- Zion's Camp (D&C: 103) 24 Feb 1834
- First Company leaves Kirtland 1 May 1834
- Second company leaaves Kirthland with Joseph Smith 5 May 1834
- John Davis PARKER member of Zion's Camp
- 1st joins 2nd Zion's Camp company at New Portage, Ohio 7 May 1834
- Zion's Camp crosses Mississippi river into Missouri, 4 and 5 Jun 1834
- Hyrum and recruits from Michigan join Zion's Camp at Salt River, Missouri 8 Jun 1834
- Zion's Camp discharged and start home 3 July 1834
Doctrine and Covenants and Church History Seminary Student Study Guide
Doctrine and Covenants 105 - Zion's Camp
In Doctrine and Covenants 103:22–35 , the Lord gave orders for the organization of Zion’s Camp, a group that was to march to Missouri and assist the Saints who had been driven from their homes (see the introduction to D&C 103 in this study guide, p.117 ). Governor Dunklin of Missouri had promised Church leaders that his state militia would help return the Saints to their homes, properties, and businesses. He also suggested that the Saints may need a militia of their own to help protect their rights after they returned to Jackson County. Zion’s Camp was to be that militia.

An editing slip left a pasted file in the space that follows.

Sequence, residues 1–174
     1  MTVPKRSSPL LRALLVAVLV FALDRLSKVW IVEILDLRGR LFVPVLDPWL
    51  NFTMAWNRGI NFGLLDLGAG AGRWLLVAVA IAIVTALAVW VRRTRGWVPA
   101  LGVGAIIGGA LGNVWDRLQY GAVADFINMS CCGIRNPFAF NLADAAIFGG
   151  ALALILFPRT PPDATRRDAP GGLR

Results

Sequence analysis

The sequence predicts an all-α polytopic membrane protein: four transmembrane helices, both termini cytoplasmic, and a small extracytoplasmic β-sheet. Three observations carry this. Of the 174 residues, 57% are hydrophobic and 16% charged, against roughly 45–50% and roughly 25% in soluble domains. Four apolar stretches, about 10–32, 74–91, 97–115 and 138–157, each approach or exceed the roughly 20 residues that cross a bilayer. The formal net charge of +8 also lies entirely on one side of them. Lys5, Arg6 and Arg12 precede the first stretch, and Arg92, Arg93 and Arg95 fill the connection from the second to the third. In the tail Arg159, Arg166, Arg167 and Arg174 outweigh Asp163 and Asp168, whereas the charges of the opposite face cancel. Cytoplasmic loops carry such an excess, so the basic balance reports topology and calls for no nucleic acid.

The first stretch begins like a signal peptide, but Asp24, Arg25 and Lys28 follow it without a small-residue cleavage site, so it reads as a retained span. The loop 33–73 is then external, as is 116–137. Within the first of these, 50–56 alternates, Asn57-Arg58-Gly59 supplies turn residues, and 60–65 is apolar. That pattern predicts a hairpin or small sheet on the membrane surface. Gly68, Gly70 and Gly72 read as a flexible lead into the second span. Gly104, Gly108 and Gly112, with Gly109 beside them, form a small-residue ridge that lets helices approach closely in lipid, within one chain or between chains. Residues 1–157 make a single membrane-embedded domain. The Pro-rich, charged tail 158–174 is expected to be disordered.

Because of pressure from the Saints’ enemies, however, the governor changed his mind concerning the use of the state militia in helping the Saints. By the time he made this decision, Zion’s Camp was already marching toward Missouri. After arriving in Missouri, ParleyP. Pratt, a member of Zion’s Camp and, later, one of the first Apostles of this dispensation, recalled: “We had an interview with the Governor, who readily acknowledged the justice of the demand, but frankly told us he dare not attempt the execution of the laws in that respect, for fear of deluging [burying] the whole country in civil war and bloodshed. He advised us to relinquish [give up] our rights, for the sake of peace, and to sell our lands from which we had been driven” ( Autobiography of ParleyP. Pratt , 94).